Virgin-of-the-Milk-Siloe-Wood

Mary is a breastfeeding mother, to state the obvious.  Lots of realistic depictions here.

All over the news: Pope Francis encouraged a woman shy to breastfeed her infant in public to feed that child, there and then.  To feel free and empowered to do it.. “Please give it something to eat.”  Comfort, always, and food, breast-milk so perfect nutritionally, in sweetness, in fats, in taste, in what it delivers immunologically and microbiologically and the nearness of warm loving skin, through which it’s delivered.  Lactation really is a miracle, and very beautiful, and the first food a mother can give her baby, and Slow Food, because a body makes the milk in the time required, and all about “Food Sovereignty” because a woman can decide, in a kind of beautiful dance with Baby, when to feed, how long to feed, how much milk to produce, not intrinsically tied to corporations or regulations or industrial regimes.

I remember the years when I was breastfeeding my babies, even as a non-Christian, feeling a spiritual affinity with Mary and the nursing Baby Jesus.  (And when you’re heaviliy pregnant, it also becomes possiible to deeply imagine the physical travail of riding into Bethlehem on a donkey, and the kind of anxiety that must have accompanied not knowing where one would spend the night.  (No one helped Mary give birth, did they– she did it alone, without a midwife?  I can’t believe I don’t know the answer to this question.)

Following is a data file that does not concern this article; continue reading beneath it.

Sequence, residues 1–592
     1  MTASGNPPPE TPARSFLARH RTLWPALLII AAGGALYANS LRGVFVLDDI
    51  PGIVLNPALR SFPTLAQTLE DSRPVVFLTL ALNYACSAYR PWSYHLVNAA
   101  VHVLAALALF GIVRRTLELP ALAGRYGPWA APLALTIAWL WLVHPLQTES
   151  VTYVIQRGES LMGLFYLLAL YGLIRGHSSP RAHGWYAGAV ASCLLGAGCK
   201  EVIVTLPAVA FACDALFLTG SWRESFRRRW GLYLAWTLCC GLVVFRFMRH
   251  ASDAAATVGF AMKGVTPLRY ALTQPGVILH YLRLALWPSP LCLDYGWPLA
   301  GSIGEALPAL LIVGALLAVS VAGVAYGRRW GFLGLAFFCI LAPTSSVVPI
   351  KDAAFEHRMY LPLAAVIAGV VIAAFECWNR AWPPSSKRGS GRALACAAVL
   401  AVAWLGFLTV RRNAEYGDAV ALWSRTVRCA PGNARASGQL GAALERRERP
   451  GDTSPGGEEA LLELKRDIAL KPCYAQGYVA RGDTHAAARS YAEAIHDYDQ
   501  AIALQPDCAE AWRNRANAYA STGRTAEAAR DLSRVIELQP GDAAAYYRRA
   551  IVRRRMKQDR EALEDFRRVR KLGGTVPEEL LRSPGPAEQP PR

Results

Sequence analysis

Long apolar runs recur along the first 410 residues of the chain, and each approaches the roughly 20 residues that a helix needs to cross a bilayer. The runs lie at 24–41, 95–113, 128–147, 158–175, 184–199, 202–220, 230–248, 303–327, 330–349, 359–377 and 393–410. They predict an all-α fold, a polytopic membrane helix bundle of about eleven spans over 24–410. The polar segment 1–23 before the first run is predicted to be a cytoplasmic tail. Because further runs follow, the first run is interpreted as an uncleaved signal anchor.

The breastfeeding Mary powerfully symbolises love, and the addressing of hunger.  This wonderful article discusses how the symbol of the breast predates the centrality of the crucifixion as a symbol and  “the virgin’s nursing breast, the lactating virgin, was the primary symbol of God’s love for humanity…”

I always felt, as a breastfeeding mother, that there was a meanness and cruelty to the judgement that I shouldn’t nurse publicly, forbidding to the infant too, that we should go instead into a toilet or restroom for privacy.  Lactivists across the world are battling for a change in social outlook on this.  Yet– what if issues around breastfeeding became linked with food rights and food sovereignty and all the broad ways we are coming to define them.  I find it really powerful that Pope Francis has made these connections– drawing a wider metaphor about social aspects of food, from a crying baby who wants some boob, without a need to disentangle comfort and hunger — which exist together and can be answered together.

Lots to say really about the industrial food grid and the sacred time before child is on it….  but must go cook dinner for kids now, so will revise later  🙂 …

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